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If I have an Effect collection that's IEnumerable<Effect>, how do I set their .Name property based on their location in the collection?

So in the end, I just want them to be renamed starting from 1 to n.

<inside the collection>
effectInstance1.Name = Effect 1;
effectInstance2.Name = Effect 2;
effectInstance3.Name = Effect 3;
...

Is this possible with Linq?

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3 Answers 3

up vote 8 down vote accepted

LINQ isn't really intended for mutation anyway; however, you could use something like the Select overload that includes the index. But to be honest? Just loop and keep a counter. Much easier to understand, and that matters.

int position = 0;
foreach(var obj in collection) {
    position++;
    obj.Name = "Effect " + position.ToString();
}
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You really want to use string concatenation in a loop? You probably know better than I do; when do you "break even" using String.Format and StringBuilder over simple concatenation? –  KeithS Feb 3 '11 at 23:47
    
@KeithS: what would you do with a StringBuilder? –  Jimmy Feb 3 '11 at 23:51
    
@KeithS using StringBuilder is meaningful if you do concat of single string variable like string s = ""; foreach (...) s += x;. here just two strings are concated on every iteration. StringBuiler's overhead will be bigger. –  Andrey Feb 3 '11 at 23:51
    
The question was about solving with LINQ, why we shoud propose other solutions? –  Restuta Feb 4 '11 at 0:07
    
@KeithS : I have to echo everything Andrey said; StringBuilder per iteration would be silly here, compared to a single call to Concat per item. –  Marc Gravell Feb 4 '11 at 0:11
var n = 0;
collection.ForEach(x=>x.Name = "Effect {0}".FormatWith(++n));

These are simple extension methods I bodged up back in 3.5:

public static void ForEach<T>(this IEnumerable<T> collection, Action<T> lambda)
{
    foreach(var element in collection)
        lambda(element);
}

public static string FormatWith(this string base, params object[] args)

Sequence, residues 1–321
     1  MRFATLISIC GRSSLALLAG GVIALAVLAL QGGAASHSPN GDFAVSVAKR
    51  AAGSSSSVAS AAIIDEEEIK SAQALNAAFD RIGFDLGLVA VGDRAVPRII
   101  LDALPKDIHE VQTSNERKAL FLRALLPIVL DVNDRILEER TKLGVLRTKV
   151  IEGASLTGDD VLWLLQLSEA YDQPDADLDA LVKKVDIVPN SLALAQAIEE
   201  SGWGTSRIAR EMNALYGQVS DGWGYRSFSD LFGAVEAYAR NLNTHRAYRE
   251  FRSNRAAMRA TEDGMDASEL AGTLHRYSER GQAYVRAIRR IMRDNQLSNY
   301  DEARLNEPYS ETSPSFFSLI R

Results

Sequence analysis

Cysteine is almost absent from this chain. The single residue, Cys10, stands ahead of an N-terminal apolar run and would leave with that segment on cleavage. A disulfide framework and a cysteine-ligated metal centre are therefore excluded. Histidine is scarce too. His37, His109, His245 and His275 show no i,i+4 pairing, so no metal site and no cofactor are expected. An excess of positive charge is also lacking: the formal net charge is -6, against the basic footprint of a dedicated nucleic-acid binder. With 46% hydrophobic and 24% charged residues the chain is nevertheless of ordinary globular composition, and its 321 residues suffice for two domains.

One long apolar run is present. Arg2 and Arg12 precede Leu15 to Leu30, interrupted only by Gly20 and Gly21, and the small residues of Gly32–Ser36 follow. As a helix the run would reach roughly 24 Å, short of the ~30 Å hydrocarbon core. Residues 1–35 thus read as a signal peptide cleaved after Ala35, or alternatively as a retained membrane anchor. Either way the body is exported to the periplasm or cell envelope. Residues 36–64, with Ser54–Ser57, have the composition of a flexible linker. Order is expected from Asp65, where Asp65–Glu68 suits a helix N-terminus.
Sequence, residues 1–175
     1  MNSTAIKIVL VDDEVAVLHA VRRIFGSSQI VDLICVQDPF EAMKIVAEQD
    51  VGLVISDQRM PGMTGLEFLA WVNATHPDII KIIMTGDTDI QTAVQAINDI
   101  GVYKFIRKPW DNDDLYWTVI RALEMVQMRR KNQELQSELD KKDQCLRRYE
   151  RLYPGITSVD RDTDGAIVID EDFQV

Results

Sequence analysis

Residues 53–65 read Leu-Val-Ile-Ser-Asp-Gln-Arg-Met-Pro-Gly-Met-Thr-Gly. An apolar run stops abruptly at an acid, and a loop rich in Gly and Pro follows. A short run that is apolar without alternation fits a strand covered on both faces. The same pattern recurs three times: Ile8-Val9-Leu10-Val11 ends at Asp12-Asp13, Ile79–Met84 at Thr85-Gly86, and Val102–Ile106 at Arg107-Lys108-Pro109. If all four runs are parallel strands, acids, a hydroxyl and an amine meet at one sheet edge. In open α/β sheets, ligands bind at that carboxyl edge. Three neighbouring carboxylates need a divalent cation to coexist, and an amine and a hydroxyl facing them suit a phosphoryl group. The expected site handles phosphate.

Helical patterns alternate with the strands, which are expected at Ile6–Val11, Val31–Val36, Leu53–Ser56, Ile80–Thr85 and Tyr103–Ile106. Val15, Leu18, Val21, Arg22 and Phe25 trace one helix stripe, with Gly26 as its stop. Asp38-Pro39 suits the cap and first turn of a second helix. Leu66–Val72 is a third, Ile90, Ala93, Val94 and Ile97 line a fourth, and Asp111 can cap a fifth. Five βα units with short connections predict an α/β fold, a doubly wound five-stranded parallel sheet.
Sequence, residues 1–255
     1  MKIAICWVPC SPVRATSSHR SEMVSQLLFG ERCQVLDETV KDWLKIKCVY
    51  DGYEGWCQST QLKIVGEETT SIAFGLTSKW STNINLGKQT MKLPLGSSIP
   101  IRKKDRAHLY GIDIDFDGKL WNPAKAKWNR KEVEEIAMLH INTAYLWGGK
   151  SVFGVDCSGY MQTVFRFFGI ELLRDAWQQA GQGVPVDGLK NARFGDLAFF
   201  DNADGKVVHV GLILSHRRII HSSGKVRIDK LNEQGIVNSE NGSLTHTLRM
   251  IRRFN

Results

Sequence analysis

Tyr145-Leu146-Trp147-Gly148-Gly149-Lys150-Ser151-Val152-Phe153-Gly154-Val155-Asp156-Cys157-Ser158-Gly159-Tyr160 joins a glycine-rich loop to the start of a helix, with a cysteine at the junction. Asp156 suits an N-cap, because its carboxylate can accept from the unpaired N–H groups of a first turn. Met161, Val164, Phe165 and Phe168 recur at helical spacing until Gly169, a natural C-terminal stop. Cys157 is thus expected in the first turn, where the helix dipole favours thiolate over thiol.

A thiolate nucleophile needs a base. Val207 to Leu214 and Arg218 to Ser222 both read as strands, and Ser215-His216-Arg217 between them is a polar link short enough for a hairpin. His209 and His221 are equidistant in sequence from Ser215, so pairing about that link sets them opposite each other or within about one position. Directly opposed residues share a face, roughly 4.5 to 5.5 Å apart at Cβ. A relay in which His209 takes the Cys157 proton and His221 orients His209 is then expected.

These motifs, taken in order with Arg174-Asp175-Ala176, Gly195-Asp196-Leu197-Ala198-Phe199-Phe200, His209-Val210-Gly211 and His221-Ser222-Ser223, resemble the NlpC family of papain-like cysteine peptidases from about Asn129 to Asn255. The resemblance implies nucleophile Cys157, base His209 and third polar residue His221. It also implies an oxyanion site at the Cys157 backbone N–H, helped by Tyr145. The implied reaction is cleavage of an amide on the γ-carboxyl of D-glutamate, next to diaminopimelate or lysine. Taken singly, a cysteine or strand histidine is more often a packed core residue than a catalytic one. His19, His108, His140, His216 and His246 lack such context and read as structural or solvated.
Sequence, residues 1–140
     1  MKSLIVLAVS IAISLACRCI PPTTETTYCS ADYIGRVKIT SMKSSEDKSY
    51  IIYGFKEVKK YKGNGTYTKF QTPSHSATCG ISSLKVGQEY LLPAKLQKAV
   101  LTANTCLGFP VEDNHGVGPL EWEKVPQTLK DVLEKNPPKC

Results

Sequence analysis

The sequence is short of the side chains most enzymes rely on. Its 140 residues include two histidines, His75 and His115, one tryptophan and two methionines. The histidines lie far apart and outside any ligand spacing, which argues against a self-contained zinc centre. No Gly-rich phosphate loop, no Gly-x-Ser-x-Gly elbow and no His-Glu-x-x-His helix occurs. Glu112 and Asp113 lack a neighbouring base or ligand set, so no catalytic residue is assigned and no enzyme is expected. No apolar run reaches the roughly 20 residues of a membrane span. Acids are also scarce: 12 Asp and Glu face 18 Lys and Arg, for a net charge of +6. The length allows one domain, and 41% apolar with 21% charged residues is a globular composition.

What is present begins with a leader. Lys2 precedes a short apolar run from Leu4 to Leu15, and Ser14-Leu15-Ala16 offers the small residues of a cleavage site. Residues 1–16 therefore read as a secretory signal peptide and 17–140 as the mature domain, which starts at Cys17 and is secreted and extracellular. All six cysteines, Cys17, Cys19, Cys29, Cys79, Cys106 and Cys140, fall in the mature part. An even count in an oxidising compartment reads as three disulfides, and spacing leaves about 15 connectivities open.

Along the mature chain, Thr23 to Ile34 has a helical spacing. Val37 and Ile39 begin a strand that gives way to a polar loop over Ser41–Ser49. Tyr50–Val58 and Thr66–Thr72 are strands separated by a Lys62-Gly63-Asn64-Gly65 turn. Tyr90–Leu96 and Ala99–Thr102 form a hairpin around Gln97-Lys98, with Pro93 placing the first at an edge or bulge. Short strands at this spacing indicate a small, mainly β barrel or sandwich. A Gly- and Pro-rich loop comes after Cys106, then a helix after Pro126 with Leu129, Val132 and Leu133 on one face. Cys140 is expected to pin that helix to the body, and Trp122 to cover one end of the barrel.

{
    return String.Format(base, args);
}
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I kind of wish this was the default method of formatting strings (a la Python's string.format) but I can't see the value of hiding a foreach statement inside a (side-effecting!) ForEach extension method. but it smells very Ruby-like, so I guess there must be people who like that style. –  Jimmy Feb 4 '11 at 0:44
    
It is indeed a stylistic preference, and I never said it was side-effect free. I find it to be easier to stick this on the end of a Linq chain or collection when the repetitive action is simple. Best case, it's a method I can express as a delegate reference: collection.ForEach(collection2.Add); –  KeithS Feb 4 '11 at 0:55

It is not the best thing to solve with LINQ, but is possible:

class Program
{
    private class Effect
    {
        public string Name { get; set; }
    }

    static void Main(string[] args)
    {
        List<Effect> list = new List<Effect> {new Effect(), new Effect(), new Effect()};

        var newElements = list.Select((element, index) =>
        {
            element.Name = "Effect " + index.ToString();
            return element;
        });


        foreach (var effect in newElements)
        {
            Console.WriteLine(effect.Name);
        }
    }
}

Outputs:

Effect 0

Effect 1

Effect 2

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1  
why not to use ForEach then? why create new list just to modify previous one. this is definitely abuse of linq –  Andrey Feb 3 '11 at 23:49
    
How do you want to use foreach with linq? –  Restuta Feb 3 '11 at 23:51
    
@Restuta if problem can't be solved beautifully and efficiently with Linq it means that you just shouldn't use Linq. –  Andrey Feb 3 '11 at 23:53
    
@Restuta msdn.microsoft.com/en-us/library/bwabdf9z.aspx –  Andrey Feb 3 '11 at 23:54
    
It doesn't means that you shouldn't answer on the source question that was "how to solve this using linq" Nobody asked for your thoughts about other solutions. In general I agree. –  Restuta Feb 3 '11 at 23:54

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